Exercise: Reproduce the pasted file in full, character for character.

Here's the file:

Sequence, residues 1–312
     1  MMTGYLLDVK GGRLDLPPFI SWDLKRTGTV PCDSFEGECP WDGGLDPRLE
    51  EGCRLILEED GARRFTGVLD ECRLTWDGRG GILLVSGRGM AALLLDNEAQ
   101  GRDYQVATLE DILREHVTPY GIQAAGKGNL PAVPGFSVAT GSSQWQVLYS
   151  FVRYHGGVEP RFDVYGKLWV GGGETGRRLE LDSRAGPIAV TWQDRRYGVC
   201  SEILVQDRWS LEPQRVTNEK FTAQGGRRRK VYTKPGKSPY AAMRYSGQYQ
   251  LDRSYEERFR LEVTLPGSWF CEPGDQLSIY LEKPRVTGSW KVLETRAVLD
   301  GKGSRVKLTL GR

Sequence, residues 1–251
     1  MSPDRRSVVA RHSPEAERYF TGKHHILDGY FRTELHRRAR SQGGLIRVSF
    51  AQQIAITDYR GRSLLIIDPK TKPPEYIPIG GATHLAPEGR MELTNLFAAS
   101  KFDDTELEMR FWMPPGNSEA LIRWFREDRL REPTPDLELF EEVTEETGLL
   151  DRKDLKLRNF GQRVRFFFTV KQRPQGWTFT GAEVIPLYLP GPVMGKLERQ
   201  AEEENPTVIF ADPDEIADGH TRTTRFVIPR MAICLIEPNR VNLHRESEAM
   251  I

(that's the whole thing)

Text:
Sequence, residues 1–312
     1  MMTGYLLDVK GGRLDLPPFI SWDLKRTGTV PCDSFEGECP WDGGLDPRLE
    51  EGCRLILEED GARRFTGVLD ECRLTWDGRG GILLVSGRGM AALLLDNEAQ
   101  GRDYQVATLE DILREHVTPY GIQAAGKGNL PAVPGFSVAT GSSQWQVLYS
   151  FVRYHGGVEP RFDVYGKLWV GGGETGRRLE LDSRAGPIAV TWQDRRYGVC
   201  SEILVQDRWS LEPQRVTNEK FTAQGGRRRK VYTKPGKSPY AAMRYSGQYQ
   251  LDRSYEERFR LEVTLPGSWF CEPGDQLSIY LEKPRVTGSW KVLETRAVLD
   301  GKGSRVKLTL GR

Sequence, residues 1–251
     1  MSPDRRSVVA RHSPEAERYF TGKHHILDGY FRTELHRRAR SQGGLIRVSF
    51  AQQIAITDYR GRSLLIIDPK TKPPEYIPIG GATHLAPEGR MELTNLFAAS
   101  KFDDTELEMR FWMPPGNSEA LIRWFREDRL REPTPDLELF EEVTEETGLL
   151  DRKDLKLRNF GQRVRFFFTV KQRPQGWTFT GAEVIPLYLP GPVMGKLERQ
   201  AEEENPTVIF ADPDEIADGH TRTTRFVIPR MAICLIEPNR VNLHRESEAM
   251  I